Yongbaek LEE’s Work and the Heterological Power of Digital Media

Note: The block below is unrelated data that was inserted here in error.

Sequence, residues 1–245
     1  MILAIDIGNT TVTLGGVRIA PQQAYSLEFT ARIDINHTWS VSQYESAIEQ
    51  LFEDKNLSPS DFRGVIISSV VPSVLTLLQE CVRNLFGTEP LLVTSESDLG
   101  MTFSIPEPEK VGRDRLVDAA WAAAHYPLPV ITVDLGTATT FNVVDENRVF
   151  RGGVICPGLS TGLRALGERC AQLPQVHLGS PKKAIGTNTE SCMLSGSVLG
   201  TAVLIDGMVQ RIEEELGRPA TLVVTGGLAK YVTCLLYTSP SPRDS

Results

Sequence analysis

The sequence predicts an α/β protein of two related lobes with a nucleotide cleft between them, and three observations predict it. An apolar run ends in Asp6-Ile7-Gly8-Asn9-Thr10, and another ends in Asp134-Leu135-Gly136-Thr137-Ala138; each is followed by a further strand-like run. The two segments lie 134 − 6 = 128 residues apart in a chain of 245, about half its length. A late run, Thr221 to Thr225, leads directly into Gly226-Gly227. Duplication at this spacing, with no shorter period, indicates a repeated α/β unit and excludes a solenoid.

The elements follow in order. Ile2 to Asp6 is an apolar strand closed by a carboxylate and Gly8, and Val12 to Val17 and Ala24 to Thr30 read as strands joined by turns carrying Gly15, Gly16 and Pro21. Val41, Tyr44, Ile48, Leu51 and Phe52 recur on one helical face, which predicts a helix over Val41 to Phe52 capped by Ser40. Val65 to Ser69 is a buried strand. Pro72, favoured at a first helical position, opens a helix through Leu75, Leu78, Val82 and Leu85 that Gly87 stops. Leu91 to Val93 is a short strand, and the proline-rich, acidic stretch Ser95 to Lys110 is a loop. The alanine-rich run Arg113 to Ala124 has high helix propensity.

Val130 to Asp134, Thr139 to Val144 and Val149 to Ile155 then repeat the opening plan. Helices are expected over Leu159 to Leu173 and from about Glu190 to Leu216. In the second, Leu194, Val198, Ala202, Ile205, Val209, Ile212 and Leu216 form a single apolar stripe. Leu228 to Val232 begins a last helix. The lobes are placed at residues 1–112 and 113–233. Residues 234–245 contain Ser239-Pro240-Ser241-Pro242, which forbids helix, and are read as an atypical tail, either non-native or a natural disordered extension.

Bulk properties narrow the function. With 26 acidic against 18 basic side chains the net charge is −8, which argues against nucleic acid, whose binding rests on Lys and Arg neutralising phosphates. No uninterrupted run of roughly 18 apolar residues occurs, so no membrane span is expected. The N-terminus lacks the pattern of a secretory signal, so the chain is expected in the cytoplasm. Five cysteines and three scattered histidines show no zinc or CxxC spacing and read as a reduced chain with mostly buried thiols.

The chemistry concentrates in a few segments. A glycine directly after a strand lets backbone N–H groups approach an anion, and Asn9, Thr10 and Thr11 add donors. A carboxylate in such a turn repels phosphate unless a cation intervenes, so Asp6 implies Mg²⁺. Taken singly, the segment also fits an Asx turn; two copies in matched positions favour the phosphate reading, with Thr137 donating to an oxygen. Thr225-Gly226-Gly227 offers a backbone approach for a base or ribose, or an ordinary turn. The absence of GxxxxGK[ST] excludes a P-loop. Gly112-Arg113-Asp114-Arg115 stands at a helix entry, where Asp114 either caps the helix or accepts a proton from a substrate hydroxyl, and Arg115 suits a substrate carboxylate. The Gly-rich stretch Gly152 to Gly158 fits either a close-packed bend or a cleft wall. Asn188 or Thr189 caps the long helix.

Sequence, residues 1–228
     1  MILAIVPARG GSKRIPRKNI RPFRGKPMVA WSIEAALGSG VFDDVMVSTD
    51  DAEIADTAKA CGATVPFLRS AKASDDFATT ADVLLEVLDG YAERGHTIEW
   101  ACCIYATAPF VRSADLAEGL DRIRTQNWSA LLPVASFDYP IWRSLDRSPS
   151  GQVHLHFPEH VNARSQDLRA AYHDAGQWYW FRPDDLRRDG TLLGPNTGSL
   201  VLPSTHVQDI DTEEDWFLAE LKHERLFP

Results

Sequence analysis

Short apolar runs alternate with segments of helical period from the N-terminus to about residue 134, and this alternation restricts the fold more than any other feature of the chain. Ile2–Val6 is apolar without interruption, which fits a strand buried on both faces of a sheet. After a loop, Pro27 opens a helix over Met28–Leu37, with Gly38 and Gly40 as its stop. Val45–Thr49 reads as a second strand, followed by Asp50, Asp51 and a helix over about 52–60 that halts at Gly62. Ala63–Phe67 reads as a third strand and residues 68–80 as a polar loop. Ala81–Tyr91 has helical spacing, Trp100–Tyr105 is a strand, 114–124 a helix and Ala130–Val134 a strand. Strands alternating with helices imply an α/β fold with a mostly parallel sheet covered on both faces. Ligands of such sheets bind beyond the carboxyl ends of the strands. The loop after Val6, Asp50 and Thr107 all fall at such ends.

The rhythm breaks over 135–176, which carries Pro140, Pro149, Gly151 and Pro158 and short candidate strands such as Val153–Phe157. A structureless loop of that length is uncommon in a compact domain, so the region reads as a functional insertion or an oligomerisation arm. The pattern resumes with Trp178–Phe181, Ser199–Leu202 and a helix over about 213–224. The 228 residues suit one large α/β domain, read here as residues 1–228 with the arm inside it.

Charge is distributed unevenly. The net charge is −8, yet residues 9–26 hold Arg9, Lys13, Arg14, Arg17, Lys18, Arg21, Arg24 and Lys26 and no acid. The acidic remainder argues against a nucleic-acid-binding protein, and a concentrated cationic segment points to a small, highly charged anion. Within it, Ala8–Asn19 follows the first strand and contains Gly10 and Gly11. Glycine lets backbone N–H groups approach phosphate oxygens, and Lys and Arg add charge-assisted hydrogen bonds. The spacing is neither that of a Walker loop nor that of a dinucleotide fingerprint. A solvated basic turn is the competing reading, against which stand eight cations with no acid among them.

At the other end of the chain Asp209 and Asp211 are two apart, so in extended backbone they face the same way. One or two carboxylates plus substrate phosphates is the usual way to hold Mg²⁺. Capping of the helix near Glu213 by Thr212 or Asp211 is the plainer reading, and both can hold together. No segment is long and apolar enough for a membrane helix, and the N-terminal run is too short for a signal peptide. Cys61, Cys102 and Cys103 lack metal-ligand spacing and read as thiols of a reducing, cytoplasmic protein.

Since the beginning of 1990s up to the present, Yongbaek Lee has been working with a variety of technological media, from single-channel video to interactive art, sound and kinetic art as well as Robotics. A variety of Lee’s works suffices to be him acknowledged as a renowned artist representing this realm in Korea. However, his art is highly acclaimed not only because it experiments in technology, but because he is able to express the electronic mass media culture’s unique social issues and imagination found through the form of technology.  Drawing a few excerpts from his work from the early 1990s up to the present I will introduce Lee’s interests and visual language through these issues: “the relationship between the real and the virtual in the age of simulation”, “de-centered subject” and “the heterological and subversive strength accompanied by digital media.”   First of all, his Angel-Soldier series show that the artificial flowers that fill the artificial spaces that appear in such media as video, photography and installation, stir up the digital simulation composed purely through simulacra.  For instance, one is surprised to find a soldier perfectly camouflaged in flowers slowly marching with a gun in such an artificial space of Lee’s video work.  In this setting, the simulation is portrayed as an extreme war-zone upon which the subject depends its existence. The artificial flowers here are the simulacra that exercise a power of seduction, and the solider exists solely as a part of the simulation setting, not as a separately independent individual. In the same sense, this work in part brings up human ontological issues, such as the exchange between the exterior (electronic environment) and interior (subject), the reconstruction of the "liquid ego" (Arthur Kroker) in the cyberspace, and the dissolution of the subject.  The work also displays the fidgety overview of today’s digital war and cyber commerce that create war between the boundaries of the world of computer simulation and physical reality based on the human body.   Another work in the Angel-Soldier series is an objet installation that utilizes the soldier outfit, and this is a witty work that utters about the concept of the artist and creation in the digital media era. This installation utilizes the flowered solider outfit and other real objects that appeared in the video installation.  On each of the soldier outfits, logs such as Windows, Quicktime, Word and Explorer appear as medals, and important famous artists’ names such Beuys, Picasso, Duchamp, Nam-Jun Paik and Da Vinci are written on the name tags. This work suggests a new transfiguration of the simulation era into an artistic creation, through the intersecting of 4 elements: artificial flower pattern, soldier apparel, important symbols of the digital culture, and symbols of the artistic creation.  The work is a suggestion that Art today variably and strategically transforms into a product through the process of reproducing, editing, and transforming in the imaginative space.  The very life of Art becomes ambiguous, as Art is no longer the ‘original creation’, but a “Post-creation” that relies its expression and existence on the appropriation and re-arrangement through the simulation process.   The other work New Folder-Drag humorously portrays the collapse of the two binary oppositions that are universal issues of today: the virtual and the real.  This work is a video projection of a few children pulling a 3 meter magnification of the ghostly computer desktop icon ‘folder’ that displays the words “folder of the reality matters”. The folder icon, which originally has no material weight and is only a graphic image, paradoxically appears subversively as something that is associated with material weight and physical labor. Although we live in what is called a Cyber age, this cyber space is not a closed space but a space that is intimately associated with the real material world. Through a few clicks of the mouse, we naturally perform everyday activities, from shopping in cyberspace, to something extreme as having a cyber war. We construct the world in cyberspace as if it is a game, and through this process, we become alienated from our very own world.  New Folder-Drop cleverly portrays the mutual transformation that arises between the virtual space and the real space.   In a large context, works like Mirror(2007) and Sad Mirror(2007) can be understood in the context of the collapse of the conflict between the real and virtual.  The work is an LCD projector behind a mirror which projects the video of a mirror breaking and water (like teardrops) forming and flowing on the surface of the mirror.  Although a very simple set up, the impression of the work is powerful as the viewer cannot see the projector and the breaking of the mirror surface or the tear drop forming appears real to the viewer. It’s a different sensation seeing the same image through a monitor or projection. This work completely unifies the material sense of the mirror and the virtual sense of the projection. Furthermore, this project creates the feeling of being suspended between consciousness and a dream. Such an inquiry into the boundary between the real and the virtual is apparent since Lee’s earlier works. For example, in Window in Window, a projection of children playing is projected onto a screen that resembles a real window.  The scene appears to be real, until technical defects such as blips of letters or blank screens appear, waking up the viewer.  An LCD monitor with the image of a corpse exercises, and the children shout “It’s dead, it’s dead!” while looking at the monitor. The important thing to remember here is that the viewer who is watching the virtual image and the image that is watching the viewer has been exchanged.  The projection of the children is not seen from one-direction like it is on a movie-screen where it is observed from the audience; the projection itself that is composed as a window frame and the children in this virtual space look back at the viewer.  Therefore, the process of being observed through observing the children directs a situation that can be called a “visual chiasmatic reiteration.”   Lee’s work not only deals with the ideas of the virtual and the real, they also speak about the transgression of the symbolic order, hybridity, and the issues of the de-centered self.  Abnormal is a project that utilizes the technique of morphing to show the digital art’s most important aspects: liquidity, plasticity, and transformative potentials. The project continues in mysterious and grotesque transformations and whirring sound.  This transformation is full of blasphemous attempt of escaping the symbolic definition of the icons, as well as displaying such blasphemous metamorphosis as death drive, pleasure of self-inflicted pain and ecstatic state.   The transgressive movements against the symbolic and cultural borders is actually the most important cultural characteristic and state of the internet cyberspace that is dominated by morphing and hybrid technology. This is the downfall refression of everything and anything borrowed, then hybridized, to become a third kind of a mutation. In cyberspace, innocence and regional boundaries do not exist.  This project displays the digital culture’s typical characteristics, as all visual symbols undergo a process of transformation and begins to disassemble from its pre-established symbolic order. In other words, this characteristic can be expressed as  being similar to the mixed coexistence of the heterogenous dimensions, and it has a close relationship with the concept of the “paganism” suggested by Jean-Francois Lyotard as the important characteristic of the postmodern culture of the 1980s. Concerning Surrealist art, Georges Bataille mentioned "a state that an formal identity is distrupted by the attack of the other", "the impossibility to define as a unique form", "a moment that the world being collapsed by diversity". Such ideas have been  linked with heterology and formlessness, and these ideas can also be found in Lee’s projects. To leap further, one can say that in this sense, Lee’s projects as well as a plethora of others in the field of Digital Arts have many things in common with Surrealist photography by artists like Raoul Ubak, Jacques-Andre Boiffard and Man Ray. More recently, Alain Renaud have defined the transformation and collapse of signs, and the liquid aesthetics in digital images, as "the des-anchored signs". This signifies the trendy simulation era’s images being disassembled from their semantic and symbolic functions.   Such matters of concern are also shown in this recent work Pieta. Traditional images of Maria and Jesus are substituted with images of cyborgs in Pieta. This project seems to observe Donna Haraway’s observation that Humans and gods, the symbols of humanism, have disappeared and blasphemous hybrid cyborgs and other biotechnological monsters are taking over. As seen in Pieta, the technical composition of the oscillating monitor hidden in the glass box, has also been diversely applied in other past works. For example, the work Twins in Monitor shows the abnormal, the mutant, and the split subject through a 3-dimensional image as if through a magical illusion. This image is like a conjoined twin that’s been taken from the placenta.  This is actually the image that is played from the monitors that perform oscillating motions on the small rail.  Hidden in the semi-transparent glass, it’s as if we’re watching an illusion-like 3-dimensional projection. To the viewer, the surreal image of the floating twins that don’t disappear in the darkness appear as a regressive fantasy, and operates as a disturbing fact, as the monstrous being disturbingly mirrors us as our own identity.